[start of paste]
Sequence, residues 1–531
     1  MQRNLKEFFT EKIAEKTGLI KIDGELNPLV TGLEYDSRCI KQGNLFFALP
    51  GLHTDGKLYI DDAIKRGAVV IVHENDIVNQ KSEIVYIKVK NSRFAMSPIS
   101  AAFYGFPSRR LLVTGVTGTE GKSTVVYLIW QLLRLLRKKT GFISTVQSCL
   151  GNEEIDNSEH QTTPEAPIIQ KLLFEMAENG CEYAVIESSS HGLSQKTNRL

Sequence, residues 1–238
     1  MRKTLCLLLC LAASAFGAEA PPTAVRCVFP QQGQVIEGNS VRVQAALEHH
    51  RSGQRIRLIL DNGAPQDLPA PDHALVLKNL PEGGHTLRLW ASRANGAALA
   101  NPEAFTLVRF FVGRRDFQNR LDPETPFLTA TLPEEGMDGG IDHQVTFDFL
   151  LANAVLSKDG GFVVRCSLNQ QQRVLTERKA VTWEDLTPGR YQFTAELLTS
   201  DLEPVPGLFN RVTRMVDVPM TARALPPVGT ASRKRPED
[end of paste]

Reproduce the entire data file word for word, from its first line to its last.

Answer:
Sequence, residues 1–531
     1  MQRNLKEFFT EKIAEKTGLI KIDGELNPLV TGLEYDSRCI KQGNLFFALP
    51  GLHTDGKLYI DDAIKRGAVV IVHENDIVNQ KSEIVYIKVK NSRFAMSPIS
   101  AAFYGFPSRR LLVTGVTGTE GKSTVVYLIW QLLRLLRKKT GFISTVQSCL
   151  GNEEIDNSEH QTTPEAPIIQ KLLFEMAENG CEYAVIESSS HGLSQKTNRL

Sequence, residues 1–238
     1  MRKTLCLLLC LAASAFGAEA PPTAVRCVFP QQGQVIEGNS VRVQAALEHH
    51  RSGQRIRLIL DNGAPQDLPA PDHALVLKNL PEGGHTLRLW ASRANGAALA
   101  NPEAFTLVRF FVGRRDFQNR LDPETPFLTA TLPEEGMDGG IDHQVTFDFL
   151  LANAVLSKDG GFVVRCSLNQ QQRVLTERKA VTWEDLTPGR YQFTAELLTS
   201  DLEPVPGLFN RVTRMVDVPM TARALPPVGT ASRKRPED